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Q&A – Should an 8-hour shift schedule rotate forward or backward?

ANSWER: 

Several studies have provided evidence that forward rotations do, in fact, benefit shiftworkers.  A 1992 study by Peretz Lavie of a microelectronic factory, for example, focused on how moving to a forward rotation affected sleep and sleep quality.  Workers performed skilled manual work requiring a high level of alertness and attentiveness.  A group of 11 workers moved to a weekly forward rotation, while a control group stayed on a backward rotation.

Lavie found that workers favored the forward rotation by a 6-to-1 margin, primarily due to improved sleep after the evening and night shifts.  Specifically, forward rotators fell asleep 30 minutes earlier after evening shifts.  After night shifts, most were able to fall asleep by 9 a.m., whereas backward rotators often slept at random times during the day.  In addition, workers on the forward rotation reported moderately higher levels of subjective alertness during day and evening shifts. 

“From a biological rhythms point of view, the clockwise rotation permits a quicker adaptation, particularly of sleep times,” Lavie concluded in the Israel Journal of Medical Science (1992; Vol. 28, pages 636-644).

In a 1993 study, Jane Barton surveyed 261 British shiftworkers in a range of industries, including workers at power and steel plants, police officers, air traffic controllers and postal workers.

Overall, Barton found that backward rotators experienced “poorer physical and psychological health, more sleep disruption, more social and domestic disruption, and lower job satisfaction” than forward rotators.  She said her results, reported in Ergonomics (1993; Vol. 36, Nos. 1-3, pages 59-64), “add some support for the use of delaying as opposed to advancing systems.”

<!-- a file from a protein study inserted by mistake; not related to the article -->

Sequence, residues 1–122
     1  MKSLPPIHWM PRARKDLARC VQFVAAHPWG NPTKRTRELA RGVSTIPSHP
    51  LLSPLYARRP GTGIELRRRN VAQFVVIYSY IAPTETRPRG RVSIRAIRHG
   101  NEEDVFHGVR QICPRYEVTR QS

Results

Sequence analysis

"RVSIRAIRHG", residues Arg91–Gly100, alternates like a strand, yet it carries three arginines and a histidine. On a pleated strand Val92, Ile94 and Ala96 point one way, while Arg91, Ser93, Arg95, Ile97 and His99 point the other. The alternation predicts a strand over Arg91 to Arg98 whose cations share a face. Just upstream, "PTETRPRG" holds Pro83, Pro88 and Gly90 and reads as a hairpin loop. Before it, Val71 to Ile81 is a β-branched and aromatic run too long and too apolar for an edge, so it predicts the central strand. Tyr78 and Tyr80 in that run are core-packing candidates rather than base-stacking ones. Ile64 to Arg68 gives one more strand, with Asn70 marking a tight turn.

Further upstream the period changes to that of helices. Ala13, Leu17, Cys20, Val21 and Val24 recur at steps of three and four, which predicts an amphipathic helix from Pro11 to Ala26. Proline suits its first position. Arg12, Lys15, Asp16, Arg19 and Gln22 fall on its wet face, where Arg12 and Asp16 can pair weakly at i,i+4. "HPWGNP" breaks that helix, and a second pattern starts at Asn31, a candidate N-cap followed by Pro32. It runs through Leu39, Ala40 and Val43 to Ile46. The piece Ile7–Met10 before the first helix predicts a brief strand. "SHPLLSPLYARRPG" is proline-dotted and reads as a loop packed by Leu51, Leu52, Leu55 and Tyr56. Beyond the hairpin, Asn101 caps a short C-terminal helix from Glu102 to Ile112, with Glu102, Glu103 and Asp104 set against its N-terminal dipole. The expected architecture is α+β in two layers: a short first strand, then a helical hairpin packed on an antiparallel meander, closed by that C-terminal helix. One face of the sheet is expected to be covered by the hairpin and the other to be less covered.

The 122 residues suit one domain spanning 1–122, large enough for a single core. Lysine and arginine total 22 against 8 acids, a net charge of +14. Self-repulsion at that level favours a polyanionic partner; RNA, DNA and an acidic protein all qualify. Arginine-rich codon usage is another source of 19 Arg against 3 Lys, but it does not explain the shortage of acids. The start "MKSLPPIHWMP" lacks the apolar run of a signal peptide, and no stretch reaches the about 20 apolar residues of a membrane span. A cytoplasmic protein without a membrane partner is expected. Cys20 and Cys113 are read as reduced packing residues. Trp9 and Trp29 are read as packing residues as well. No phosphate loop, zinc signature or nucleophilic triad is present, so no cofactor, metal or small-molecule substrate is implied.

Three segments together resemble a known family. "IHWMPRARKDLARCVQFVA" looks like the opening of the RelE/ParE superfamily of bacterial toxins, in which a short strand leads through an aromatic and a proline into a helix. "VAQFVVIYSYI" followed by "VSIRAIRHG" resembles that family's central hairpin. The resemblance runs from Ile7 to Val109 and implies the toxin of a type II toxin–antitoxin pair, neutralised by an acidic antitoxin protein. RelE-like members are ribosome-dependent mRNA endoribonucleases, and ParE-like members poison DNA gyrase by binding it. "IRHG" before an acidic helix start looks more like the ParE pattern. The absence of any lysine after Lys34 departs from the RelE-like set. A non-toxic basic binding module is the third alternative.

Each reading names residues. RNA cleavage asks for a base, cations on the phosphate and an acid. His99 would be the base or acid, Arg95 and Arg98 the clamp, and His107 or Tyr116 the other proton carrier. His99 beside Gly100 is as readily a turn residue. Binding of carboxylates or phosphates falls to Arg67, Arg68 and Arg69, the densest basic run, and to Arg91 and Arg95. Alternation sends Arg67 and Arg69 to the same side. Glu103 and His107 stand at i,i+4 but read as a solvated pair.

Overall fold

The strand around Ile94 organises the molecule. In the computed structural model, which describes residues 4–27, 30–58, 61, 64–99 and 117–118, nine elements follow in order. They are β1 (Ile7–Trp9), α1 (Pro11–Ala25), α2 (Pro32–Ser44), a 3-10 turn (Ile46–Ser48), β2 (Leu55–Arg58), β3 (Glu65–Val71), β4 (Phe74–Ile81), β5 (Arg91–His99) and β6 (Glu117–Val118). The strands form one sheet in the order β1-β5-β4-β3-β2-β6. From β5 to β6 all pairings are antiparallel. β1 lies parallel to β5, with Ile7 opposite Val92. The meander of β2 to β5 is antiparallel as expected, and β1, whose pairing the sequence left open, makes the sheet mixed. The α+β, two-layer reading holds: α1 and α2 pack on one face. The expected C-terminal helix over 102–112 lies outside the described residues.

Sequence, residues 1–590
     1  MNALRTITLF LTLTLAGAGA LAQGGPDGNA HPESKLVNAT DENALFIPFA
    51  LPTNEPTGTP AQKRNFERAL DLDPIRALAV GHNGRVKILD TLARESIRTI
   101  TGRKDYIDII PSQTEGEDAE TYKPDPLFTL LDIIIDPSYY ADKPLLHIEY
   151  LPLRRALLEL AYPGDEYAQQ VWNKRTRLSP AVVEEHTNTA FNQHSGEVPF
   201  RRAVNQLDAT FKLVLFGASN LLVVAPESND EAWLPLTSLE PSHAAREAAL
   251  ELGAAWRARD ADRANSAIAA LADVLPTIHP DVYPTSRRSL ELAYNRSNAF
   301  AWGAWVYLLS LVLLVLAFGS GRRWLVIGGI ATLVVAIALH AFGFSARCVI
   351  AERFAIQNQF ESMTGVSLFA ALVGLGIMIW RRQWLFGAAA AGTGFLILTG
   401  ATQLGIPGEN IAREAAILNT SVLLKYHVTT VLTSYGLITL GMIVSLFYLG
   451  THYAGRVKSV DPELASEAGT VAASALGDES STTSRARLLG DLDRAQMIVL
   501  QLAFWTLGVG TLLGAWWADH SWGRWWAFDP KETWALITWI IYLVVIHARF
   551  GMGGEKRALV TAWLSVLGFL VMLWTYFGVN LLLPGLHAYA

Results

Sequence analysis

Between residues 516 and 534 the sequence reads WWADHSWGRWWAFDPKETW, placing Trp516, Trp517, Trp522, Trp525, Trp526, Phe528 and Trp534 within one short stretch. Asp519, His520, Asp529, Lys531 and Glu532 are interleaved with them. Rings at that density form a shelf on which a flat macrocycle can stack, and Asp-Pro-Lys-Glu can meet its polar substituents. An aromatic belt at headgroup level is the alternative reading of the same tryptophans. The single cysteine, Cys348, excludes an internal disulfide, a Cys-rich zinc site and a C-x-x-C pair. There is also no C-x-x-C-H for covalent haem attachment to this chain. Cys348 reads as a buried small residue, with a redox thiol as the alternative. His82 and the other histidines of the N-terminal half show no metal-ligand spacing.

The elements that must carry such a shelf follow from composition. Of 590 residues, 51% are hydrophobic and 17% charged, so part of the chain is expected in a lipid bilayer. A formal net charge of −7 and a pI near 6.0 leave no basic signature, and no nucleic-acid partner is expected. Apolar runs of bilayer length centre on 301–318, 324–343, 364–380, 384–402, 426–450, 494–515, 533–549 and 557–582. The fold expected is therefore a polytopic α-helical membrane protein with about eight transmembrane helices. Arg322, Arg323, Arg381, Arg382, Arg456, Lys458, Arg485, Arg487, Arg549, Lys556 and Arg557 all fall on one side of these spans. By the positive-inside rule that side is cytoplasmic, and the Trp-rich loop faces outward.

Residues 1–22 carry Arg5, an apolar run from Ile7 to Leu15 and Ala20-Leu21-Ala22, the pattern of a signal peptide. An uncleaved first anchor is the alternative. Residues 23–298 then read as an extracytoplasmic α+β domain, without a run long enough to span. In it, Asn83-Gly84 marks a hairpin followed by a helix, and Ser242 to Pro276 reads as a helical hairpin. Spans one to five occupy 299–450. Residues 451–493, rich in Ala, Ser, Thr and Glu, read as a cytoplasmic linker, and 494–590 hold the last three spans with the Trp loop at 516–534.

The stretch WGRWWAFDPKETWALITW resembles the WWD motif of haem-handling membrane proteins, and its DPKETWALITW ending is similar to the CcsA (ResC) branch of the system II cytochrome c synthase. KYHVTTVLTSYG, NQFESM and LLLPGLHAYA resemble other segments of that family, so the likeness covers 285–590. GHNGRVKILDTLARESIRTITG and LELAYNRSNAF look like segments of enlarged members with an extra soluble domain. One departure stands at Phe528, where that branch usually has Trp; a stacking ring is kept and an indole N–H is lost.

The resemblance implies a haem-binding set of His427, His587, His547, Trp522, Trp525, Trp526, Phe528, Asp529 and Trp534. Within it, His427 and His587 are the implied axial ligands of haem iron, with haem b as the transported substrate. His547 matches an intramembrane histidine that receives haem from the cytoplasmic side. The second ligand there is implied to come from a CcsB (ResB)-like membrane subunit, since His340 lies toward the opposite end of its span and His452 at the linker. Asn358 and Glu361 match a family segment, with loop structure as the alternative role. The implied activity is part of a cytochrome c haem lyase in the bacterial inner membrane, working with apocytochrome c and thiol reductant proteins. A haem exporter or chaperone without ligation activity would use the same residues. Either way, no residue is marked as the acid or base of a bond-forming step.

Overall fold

Why do people fare better on a forward-rotating schedule? A large body of research has shown that the natural sleep-wake rhythm of the human body, when unconstrained by day and night cues, drifts later each day. Therefore on a counterclockwise rotation, going from nights to evenings to days, the body fights its own innate circadian tendencies to drift later each day, making the adjustment to the night shift excessively difficult and often resulting in reduced alertness and chronic fatigue.

Despite the potential health benefits of a forward rotation, shiftworkers may still prefer a backward rotation for social reasons.  This is because the weekend break is eight hours longer on a backward rotation than on a forward rotation, and many workers want to maximize the length of their longest break — even if it means shorter breaks between the other shift changes.

In many cases where backward rotations are preferred, workers might not be aware of the potential sleep benefits of changing to a forward rotating schedule. By educating employees and managers on the pros and cons of both schedules, they can make an informed decision on which schedule they would prefer to work. 

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